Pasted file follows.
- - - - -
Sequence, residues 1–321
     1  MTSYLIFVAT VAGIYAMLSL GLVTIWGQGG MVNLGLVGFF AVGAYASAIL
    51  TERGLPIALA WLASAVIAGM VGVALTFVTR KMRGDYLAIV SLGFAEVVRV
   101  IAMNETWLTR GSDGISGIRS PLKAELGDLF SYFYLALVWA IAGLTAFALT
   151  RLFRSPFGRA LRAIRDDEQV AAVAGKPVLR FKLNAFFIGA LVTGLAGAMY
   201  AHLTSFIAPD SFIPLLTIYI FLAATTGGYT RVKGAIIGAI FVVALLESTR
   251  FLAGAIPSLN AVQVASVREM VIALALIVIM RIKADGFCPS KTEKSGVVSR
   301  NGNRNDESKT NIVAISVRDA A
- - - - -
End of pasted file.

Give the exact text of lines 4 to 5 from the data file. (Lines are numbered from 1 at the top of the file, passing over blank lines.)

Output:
   101  IAMNETWLTR GSDGISGIRS PLKAELGDLF SYFYLALVWA IAGLTAFALT
   151  RLFRSPFGRA LRAIRDDEQV AAVAGKPVLR FKLNAFFIGA LVTGLAGAMY